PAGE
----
Review Essay: Teacher in Crisis? A Critical Examination of a Recent Study

Johannes Twardella

Abstract


For many students, learning is a crisis-prone process. By being confronted with something strange, they are in crisis. The role of teachers is both to initiate such crises and to assist in their solution. But even teachers can be in crisis during class. How do teachers experience these crises? How do they deal with them? And how are the teachers' crises related to those of the students? The educational scientist Jan-Hendrik HINZKE addresses these questions in a recent study.

HINZKE conducted a series of interviews with teachers and evaluated them using the documentary method. He presented the results as a typology. In the present essay, this study is summarized and critically discussed. For this purpose, a part of an interview is reanalyzed using the method of objective hermeneutics. It turns out that the teacher with whom the interview has been conducted does not experience her educational activities as crisis-critical. Rather, she understands them as actions, shaped by routines. Thus, HINZKE's findings that all teachers experience their actions as crisis, can be called into question. There are teachers who see their actions as a routine activity. At the same time, many teachers rarely consider the crises of their students.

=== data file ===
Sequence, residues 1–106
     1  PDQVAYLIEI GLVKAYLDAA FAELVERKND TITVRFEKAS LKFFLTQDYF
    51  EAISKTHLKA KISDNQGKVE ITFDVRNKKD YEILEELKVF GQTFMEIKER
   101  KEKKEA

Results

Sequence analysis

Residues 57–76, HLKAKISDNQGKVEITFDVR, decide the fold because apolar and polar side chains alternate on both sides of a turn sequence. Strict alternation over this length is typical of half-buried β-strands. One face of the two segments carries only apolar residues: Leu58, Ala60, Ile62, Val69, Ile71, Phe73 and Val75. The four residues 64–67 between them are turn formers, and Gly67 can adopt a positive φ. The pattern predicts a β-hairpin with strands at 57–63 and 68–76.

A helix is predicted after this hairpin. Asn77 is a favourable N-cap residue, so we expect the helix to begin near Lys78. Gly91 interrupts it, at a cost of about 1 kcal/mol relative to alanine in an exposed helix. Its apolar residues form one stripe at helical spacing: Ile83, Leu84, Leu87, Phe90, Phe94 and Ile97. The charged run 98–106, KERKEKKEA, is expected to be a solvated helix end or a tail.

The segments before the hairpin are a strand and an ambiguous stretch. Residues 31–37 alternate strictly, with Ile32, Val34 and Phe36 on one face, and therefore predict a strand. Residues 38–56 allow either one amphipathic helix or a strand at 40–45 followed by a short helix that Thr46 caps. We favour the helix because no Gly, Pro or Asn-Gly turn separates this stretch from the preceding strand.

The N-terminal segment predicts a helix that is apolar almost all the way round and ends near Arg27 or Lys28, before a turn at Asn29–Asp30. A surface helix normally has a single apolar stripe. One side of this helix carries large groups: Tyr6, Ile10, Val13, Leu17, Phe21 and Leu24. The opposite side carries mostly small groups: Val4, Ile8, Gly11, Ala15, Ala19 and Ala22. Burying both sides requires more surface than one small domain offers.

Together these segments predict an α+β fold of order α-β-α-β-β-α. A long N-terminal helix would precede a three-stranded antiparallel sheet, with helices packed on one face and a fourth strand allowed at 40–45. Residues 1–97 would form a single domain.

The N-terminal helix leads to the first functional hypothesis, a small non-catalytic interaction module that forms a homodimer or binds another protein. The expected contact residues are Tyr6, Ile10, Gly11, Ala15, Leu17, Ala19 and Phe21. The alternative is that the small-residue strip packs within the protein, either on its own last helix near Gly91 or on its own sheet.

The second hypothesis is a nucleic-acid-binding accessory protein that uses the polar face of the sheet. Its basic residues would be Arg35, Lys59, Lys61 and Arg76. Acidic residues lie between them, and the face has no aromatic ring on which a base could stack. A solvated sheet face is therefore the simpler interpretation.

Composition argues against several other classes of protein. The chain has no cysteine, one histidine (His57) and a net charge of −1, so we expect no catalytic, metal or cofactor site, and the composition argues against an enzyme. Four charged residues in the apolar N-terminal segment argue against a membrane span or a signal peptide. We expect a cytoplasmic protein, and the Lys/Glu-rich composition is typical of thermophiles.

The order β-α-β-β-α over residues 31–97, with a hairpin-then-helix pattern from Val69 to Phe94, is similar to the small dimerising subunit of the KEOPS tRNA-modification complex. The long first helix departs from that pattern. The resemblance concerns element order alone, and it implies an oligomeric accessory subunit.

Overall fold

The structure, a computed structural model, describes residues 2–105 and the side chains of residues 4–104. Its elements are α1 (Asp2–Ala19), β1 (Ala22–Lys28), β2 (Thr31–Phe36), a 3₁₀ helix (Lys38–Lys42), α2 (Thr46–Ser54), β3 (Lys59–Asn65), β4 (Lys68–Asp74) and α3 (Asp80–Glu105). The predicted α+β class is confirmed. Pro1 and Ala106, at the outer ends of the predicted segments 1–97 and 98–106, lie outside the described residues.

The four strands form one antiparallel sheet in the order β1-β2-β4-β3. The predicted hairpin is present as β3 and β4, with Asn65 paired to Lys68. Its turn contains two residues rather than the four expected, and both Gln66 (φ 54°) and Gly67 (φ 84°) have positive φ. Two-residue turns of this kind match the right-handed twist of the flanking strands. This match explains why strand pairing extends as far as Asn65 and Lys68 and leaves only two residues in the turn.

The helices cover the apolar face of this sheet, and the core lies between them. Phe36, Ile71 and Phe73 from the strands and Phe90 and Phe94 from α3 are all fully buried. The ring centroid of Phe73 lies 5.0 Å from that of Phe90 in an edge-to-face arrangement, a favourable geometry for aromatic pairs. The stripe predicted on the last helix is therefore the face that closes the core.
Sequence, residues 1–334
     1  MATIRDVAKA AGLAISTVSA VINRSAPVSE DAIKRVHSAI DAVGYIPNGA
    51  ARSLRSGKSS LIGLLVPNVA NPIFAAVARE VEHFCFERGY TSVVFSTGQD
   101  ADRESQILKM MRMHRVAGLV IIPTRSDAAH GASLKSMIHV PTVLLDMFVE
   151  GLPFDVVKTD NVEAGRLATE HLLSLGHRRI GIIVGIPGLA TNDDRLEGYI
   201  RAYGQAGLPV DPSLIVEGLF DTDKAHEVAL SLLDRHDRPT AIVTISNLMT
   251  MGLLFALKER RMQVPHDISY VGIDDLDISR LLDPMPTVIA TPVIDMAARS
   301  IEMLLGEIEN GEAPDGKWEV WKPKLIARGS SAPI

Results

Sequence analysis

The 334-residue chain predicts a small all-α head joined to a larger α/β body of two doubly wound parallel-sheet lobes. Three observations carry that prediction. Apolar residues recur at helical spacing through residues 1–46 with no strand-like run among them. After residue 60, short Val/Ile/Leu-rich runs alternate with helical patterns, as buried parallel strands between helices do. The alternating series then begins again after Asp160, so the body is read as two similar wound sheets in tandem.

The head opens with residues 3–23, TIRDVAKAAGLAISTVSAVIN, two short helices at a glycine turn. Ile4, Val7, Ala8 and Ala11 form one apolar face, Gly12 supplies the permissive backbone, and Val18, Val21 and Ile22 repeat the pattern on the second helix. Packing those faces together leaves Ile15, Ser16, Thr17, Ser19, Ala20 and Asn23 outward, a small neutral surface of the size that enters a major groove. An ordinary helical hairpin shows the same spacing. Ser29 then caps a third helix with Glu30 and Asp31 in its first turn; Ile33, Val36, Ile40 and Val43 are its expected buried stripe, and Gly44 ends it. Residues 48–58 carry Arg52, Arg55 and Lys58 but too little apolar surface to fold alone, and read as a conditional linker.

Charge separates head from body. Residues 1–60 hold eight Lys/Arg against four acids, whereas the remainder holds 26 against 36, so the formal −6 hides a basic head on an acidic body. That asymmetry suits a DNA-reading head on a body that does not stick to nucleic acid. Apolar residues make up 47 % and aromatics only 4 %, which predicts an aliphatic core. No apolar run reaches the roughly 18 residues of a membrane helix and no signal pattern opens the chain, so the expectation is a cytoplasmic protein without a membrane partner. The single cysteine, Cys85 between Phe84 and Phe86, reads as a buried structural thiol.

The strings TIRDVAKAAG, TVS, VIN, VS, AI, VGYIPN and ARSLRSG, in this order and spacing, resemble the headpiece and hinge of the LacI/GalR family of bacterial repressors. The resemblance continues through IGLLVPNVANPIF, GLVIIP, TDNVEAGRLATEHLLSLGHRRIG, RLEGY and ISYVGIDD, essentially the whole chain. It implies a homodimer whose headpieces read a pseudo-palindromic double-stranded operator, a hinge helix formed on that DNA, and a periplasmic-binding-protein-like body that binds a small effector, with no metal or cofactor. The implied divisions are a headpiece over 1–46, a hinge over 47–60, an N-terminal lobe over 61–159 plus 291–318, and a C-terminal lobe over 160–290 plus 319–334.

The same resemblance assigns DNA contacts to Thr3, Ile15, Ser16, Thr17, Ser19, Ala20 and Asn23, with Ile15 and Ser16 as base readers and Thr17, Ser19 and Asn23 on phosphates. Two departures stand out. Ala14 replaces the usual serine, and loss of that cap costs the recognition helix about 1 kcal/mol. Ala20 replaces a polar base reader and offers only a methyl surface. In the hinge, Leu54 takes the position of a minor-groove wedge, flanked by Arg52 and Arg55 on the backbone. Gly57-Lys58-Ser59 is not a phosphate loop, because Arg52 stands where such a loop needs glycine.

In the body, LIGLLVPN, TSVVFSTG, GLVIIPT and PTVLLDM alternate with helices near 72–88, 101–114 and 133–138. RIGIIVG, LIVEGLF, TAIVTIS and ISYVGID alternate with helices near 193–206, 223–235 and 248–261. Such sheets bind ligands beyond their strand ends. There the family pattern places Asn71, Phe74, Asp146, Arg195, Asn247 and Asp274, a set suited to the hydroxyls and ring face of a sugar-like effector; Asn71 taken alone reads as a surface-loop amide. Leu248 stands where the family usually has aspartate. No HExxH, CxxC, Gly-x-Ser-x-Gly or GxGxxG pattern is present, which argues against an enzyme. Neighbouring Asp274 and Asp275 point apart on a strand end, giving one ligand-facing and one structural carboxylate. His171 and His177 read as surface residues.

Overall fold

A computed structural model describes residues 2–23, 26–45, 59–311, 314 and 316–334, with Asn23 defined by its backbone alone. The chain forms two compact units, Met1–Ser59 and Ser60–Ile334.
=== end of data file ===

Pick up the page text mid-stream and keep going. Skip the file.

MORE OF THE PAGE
Keywords


teachers; students; crises; teaching; documentary method; objective hermeneutics



DOI: http://dx.doi.org/10.17169/fqs-20.3.3382

Copyright (c) 2019 Johannes Twardella

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